Everyone claims to know how to brainstorm. The rules are universal:

Be open
Explore all ideas
Actively contribute
Make connections
Write everything down
Never say NO!

You know it, I know it, everyone knows it.

So why do most brainstorms fail?

Because of the (often) unsaid rules.

Leave ego at the door
Be fascinated
Explore ‘What if?’
Use colour
Ask the stupid question
Ask the next question
Forget the budget
Oh, and leave ego at the door

What have I missed out? You can leave your brainstorming tips here.

Be Brilliant!



  1. October 26th 2017 by Barry Nicol

    I am pretty certain it was in one of your own books Michael, but the ‘what if….’ questions are brilliant. ‘What if we increased our fees…?’, ‘What if we cut delivery times in half….?’, ‘What if we started the business today……what would we do different?’
    The ‘what if…’ questions have been one of the best changes I have seen in meetings. A lot of people sometimes don’t know if there is a line when it comes to ideas and so sometimes it is great to put some ‘out-there’ suggestions in the pot yourself as this can help the others really see that no idea is off the table.

  2. October 26th 2017 by Fiona Setch

    Great article ! I so enjoy brainstorming and encourage others to whenever they can in meetings, one to one’s as well as training events.
    I approach all brainstorming with what I call “my spirit of curiosity ” and coloured pens. All ideas are like little seeds of possibilities that grow, develop & bloom with watering and sprinkles of enthusiasm !!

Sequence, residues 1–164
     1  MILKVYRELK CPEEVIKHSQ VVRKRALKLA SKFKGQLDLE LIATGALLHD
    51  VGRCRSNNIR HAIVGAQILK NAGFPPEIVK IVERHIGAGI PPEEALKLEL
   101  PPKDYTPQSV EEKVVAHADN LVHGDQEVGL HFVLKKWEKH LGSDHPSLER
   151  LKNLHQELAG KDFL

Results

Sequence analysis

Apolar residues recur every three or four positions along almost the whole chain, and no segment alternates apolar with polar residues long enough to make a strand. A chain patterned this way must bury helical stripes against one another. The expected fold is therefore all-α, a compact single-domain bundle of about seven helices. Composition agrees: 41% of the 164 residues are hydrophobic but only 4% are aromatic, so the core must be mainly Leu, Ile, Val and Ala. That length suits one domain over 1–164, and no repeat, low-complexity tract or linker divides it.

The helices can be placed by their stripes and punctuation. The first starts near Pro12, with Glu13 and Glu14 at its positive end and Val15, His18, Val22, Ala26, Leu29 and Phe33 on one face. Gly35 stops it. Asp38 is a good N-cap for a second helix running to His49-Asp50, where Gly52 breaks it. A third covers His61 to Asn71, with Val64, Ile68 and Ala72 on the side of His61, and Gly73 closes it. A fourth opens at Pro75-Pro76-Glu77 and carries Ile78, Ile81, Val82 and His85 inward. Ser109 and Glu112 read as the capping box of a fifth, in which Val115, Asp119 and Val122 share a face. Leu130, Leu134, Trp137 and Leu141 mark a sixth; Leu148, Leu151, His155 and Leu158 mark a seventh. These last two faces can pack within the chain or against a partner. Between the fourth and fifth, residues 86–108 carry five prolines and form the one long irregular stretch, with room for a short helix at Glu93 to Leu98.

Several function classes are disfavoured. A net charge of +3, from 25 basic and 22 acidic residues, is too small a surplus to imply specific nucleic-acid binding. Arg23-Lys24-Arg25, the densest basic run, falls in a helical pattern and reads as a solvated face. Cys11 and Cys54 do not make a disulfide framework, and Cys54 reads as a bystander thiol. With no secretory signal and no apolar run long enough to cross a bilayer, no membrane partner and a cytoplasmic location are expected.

Even when working with one coaching client I use a portable flipchart or blank white paper so my client can see their ideas and they like to photograph these and keep them on their phone.
    Brightly coloured post its are great to use and can be moved around.
    I think I use a mind map like a brainstorm, in fact I am making a mind map now about brainstorming !

  3. October 26th 2017 by Hamish

    One of the reasons brainstorming sessions are not as productive as they can be is because they are dominated by the extroverts. The quieter types do not contribute. So what I have done in the past is pose the question and then get all participants to write their responses on post it notes and then put those up on the wall for discussion. hope this helps

  4. October 26th 2017 by Diane Goulding


  5. October 26th 2017 by Stuart Burton

    When I trained as a car salesman almost 50 years ago and before all the PC rubbish, ask a closing question and shut up. He who talks first loses. It worked like a dream and I have no doubt that this incredibly strong advice may be easily included in brainstorming.

  6. October 26th 2017 by Martin Clarke

    After all the ideas have run out, and it all goes quiet, have a short break for water/a walk/the loo and let the group come back to it. You often get some good ideas then. If it is in a wider team, pin up the results in the corridor or coffee area, and let others add to it

  7. October 27th 2017 by Alan Jones

    Firstly,always listen to the views of subordinates – they quite often have unusual and sometimes brilliant ideas.
    Secondly, get the chairperson to force ‘the rhetorics’ to stand in a corner with their backs to the meeting to give somebody else a chance of a viewpoint!

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